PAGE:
8 But we know that the law is good if one uses it lawfully,
9 knowing this: that the law is not made for a righteous person, but for the lawless and insubordinate, for the ungodly and for sinners, for the unholy and profane, for murderers of fathers and murderers of mothers, for manslayers,
10 for fornicators, for sodomites, for kidnappers, for liars, for perjurers, and if there is any other thing that is contrary to sound doctrine,
11 according to the glorious gospel of the blessed God which was committed to my trust.
we know (v.8) — oida, to know, suggests intelligent perception, in contrast to ginosko which indicates progressive knowledge. The contrast between the two verbs is illustrated in John 8:55, “Ye have not known Him [ginosko, “you have not entered upon the knowledge”]: but I know Him (oida, that is, I have perfect knowledge of Him). Again, in 13:7, “What I do thou knowest not now [oida; Peter did not perceive its significance] but thou shalt understand hereafter (ginosko, thou shalt get to know). — Vine, page 146.
good (v.8) = intrinsically good, good morally, excellent in itself (different from good in the sense of beneficial)
if one uses it lawfully (v.8) — lawfully = lit. “agreeable to the law” — if one uses it not for justification before God, but to be made aware of sin.
This argument should be clear enough to any thoughtful person. A loving mother needs no law to compel her to care for her child. an honest businessman needs no law to compel him to pay his bills. The very function of the law is to convict and condemn the criminal, the violator of the law. If everyone spontaneously did what was right, there would be no need for law.
Now we know that what things soever the law saith, it saith to them that are under the law, that every mouth may be stopped and all the world may become guilty before God.
… for by the law is the knowledge of sin (Romans 3:19-20).
The law was given to convict and condemn the sinner and to show him his need of a Savior, but those who are saved are not under the law, for God has declared them righteous in Christ who died for their sins. Indeed, in this same passage in Romans the Apostle goes on to say by divine inspiration:
BUT NOW the righteousness of God without the law is manifested …
Further, in verses 24 and 26 he declares that believes stand righteous before God.
Being justified freely by His grace, through the redemption that is in Christ Jesus.
[We] declare I say, AT THIS TIME, His righteousness for the remission of sins, that He [God] might be just, and the justifier of him which believeth in Jesus.
This was “the glorious gospel of the blessed God.” (Or “the gospel [good news] of the glory of the blessed God,” as seems the more natural reading.) — Stam, pages 42-43.
knowing this (v.9) — same sense of “know” as in v.8
law (v.9) — the Old Testament law, but the principle applies to any law
made (v.9) = laid down, enacted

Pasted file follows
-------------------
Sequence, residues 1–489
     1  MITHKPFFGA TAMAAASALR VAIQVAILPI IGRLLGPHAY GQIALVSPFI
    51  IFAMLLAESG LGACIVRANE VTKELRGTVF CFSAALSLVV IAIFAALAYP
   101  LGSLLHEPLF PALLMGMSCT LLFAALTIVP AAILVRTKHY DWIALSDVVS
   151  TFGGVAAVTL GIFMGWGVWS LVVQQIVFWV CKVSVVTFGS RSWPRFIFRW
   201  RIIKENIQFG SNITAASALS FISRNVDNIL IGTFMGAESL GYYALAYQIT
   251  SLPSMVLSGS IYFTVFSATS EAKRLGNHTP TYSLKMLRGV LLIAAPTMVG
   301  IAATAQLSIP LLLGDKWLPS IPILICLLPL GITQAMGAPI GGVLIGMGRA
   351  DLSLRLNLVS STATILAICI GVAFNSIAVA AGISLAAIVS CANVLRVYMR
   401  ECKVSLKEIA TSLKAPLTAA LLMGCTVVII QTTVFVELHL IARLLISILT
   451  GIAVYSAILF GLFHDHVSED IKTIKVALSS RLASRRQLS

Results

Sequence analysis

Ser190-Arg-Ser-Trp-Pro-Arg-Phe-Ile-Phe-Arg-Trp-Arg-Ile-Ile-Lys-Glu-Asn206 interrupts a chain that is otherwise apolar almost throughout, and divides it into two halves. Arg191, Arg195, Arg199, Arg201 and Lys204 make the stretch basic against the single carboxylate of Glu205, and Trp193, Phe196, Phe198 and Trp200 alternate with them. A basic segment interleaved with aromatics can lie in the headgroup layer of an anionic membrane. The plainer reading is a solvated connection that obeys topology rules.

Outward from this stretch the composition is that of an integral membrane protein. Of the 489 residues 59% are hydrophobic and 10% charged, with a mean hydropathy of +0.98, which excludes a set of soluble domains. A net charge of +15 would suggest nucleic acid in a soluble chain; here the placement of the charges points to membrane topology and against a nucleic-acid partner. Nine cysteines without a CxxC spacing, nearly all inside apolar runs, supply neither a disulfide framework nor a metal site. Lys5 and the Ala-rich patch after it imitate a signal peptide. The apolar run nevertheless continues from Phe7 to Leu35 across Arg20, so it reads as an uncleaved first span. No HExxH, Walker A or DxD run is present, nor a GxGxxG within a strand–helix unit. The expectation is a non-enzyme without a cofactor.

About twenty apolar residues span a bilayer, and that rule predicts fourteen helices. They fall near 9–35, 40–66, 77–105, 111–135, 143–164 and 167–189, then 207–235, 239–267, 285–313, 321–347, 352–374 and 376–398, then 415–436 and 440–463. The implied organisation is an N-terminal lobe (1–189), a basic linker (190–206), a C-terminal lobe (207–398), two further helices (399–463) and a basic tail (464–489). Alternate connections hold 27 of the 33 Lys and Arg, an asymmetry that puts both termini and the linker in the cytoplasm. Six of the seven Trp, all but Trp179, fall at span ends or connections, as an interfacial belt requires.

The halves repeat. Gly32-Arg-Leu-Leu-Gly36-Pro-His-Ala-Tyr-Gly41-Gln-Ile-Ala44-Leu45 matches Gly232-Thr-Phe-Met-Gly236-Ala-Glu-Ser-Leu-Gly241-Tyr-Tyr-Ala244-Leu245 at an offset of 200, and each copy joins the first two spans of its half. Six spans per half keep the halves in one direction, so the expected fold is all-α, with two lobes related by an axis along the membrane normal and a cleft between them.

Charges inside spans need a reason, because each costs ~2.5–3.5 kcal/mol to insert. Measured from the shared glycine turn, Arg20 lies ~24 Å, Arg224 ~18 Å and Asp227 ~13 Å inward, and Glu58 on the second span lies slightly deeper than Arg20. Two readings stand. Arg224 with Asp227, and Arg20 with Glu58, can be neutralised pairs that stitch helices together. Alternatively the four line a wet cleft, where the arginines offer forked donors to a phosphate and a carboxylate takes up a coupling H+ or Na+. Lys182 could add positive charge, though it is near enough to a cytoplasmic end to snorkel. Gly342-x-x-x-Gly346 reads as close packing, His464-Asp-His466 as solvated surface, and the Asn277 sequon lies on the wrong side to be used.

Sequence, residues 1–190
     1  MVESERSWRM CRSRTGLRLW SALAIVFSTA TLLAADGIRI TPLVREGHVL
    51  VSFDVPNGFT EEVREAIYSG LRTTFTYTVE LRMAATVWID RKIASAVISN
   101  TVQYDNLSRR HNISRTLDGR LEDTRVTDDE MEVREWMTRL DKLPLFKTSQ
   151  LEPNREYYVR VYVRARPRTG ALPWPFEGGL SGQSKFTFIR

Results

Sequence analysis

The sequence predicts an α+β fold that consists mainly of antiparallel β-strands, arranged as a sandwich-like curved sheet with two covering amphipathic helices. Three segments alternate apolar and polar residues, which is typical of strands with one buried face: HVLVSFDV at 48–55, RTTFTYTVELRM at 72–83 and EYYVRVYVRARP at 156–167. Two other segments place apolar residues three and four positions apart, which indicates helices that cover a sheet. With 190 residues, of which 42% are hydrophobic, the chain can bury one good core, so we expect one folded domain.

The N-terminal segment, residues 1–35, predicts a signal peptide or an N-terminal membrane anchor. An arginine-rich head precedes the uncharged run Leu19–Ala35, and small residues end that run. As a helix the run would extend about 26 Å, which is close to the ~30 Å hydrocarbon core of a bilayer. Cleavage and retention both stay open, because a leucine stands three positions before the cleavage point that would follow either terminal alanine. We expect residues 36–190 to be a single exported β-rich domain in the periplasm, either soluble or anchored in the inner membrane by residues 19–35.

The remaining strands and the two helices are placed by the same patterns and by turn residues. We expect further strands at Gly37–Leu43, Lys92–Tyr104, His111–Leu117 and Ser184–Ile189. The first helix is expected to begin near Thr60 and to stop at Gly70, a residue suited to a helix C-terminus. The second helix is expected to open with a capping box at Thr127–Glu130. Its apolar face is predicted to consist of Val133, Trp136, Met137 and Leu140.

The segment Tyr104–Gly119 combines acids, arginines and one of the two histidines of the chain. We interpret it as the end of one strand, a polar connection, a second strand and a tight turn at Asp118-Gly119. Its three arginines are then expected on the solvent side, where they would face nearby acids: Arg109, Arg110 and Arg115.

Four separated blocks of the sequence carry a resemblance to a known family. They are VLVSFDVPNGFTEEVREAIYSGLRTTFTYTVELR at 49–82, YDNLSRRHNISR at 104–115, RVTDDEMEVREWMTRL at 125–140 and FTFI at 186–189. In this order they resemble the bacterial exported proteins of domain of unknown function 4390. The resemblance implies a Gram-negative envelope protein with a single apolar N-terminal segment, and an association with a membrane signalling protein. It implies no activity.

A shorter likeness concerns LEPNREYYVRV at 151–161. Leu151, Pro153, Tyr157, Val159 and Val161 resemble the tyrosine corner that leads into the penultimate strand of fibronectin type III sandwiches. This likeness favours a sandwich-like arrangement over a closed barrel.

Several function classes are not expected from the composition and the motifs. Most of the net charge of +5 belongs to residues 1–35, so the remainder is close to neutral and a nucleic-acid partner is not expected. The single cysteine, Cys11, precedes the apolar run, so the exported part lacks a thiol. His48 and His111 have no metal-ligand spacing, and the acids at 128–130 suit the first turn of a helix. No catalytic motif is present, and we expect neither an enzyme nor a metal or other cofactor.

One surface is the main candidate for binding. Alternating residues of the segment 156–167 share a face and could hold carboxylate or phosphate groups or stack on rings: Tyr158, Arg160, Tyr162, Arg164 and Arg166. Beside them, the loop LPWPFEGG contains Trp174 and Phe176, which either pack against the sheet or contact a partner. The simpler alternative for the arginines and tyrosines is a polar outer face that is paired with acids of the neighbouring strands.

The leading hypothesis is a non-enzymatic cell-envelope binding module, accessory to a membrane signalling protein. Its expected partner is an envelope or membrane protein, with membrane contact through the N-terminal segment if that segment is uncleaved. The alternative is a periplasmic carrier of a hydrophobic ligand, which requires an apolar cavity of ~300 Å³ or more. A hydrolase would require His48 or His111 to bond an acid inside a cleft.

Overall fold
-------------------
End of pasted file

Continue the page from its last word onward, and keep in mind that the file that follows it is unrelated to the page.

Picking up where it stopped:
righteous (v.9) — Several of my commentaries mention that Paul was referring to a morally good person and not a saved person here. But there is no morally good person in God’s eyes except for those who have trusted Christ, so I don’t see the point of the distinction.
lawless (v.9) — those who reject all law, those who refuse to acknowledge that there is law
insubordinate (v.9) — unruly, those who refuse to be subject to the law or authority
ungodly (v.9) — those without piety, irreverent
sinners (v.9) — those not free from sin, wicked — lit. “those who have missed the mark”
unholy (v.9) — the opposite of holy — one who does not walk with God or attempt to conform to His character
profane (v.9) = unhallowed, not set apart to God
The word “profane” is bebelos. The word is derived from belos, “a threshold,” and hence has the primary sense of that which may be trodden. That which is permitted to be trodden by people at large is unhallowed, profane, Thus, a profane person is one who has made himself accessible to evil influence. He has not kept himself for God. He is common, unhallowed territory. — Wuest, pages 31-32.
murderers of fathers and murderers of mothers (v.9) — This is the literal meaning, but the idea may be those who break the commandment to love and honor parents (Exodus 20:12).
kidnappers (v.10) — The word comes from aner and pous, a person taken in war and sold into slavery. It refers to a slave-dealer, a kidnapper, a man-stealer, as well as to one who unjustly reduces free men to slaver, also t one who steals the slaves of others and sells them. The word includes all who exploit men and women for their own selfish ends. — Wuest, page 32.
sound doctrine (v.10) = healthful teaching — “sound” is the translation of the Greek word from which we get “hygiene.” — free from error. It describes the character of the doctrine and also its effect upon the believer.
according to the glorious gospel (v.11) — Paul’s gospel points to God’s glory
blessed God (v.11) — God is called blessed in the New Testament only here and in 1 Timothy 6:15. He is blessed in His perfection and grace.
Wuest’s translation — But we know that the law is good if a person uses it properly, knowing this, that law is not enacted for a law-abiding person, but for lawless ones, and for unruly ones, for those who are destitute of reverential awe towards God, and for sinners, for unholy ones and for those who are non-religious, for those who ill-treat fathers and ill-treat mothers, for man-slayers, for whoremongers, for those who defile themselves with men, for menstealers, for liars, for perjurers, and if as is the case, there is anything of a different nature which is opposed to sound teaching, according to the gospel of the glory of the blessed God with which I was entrusted. — Wuest, pages 32-33.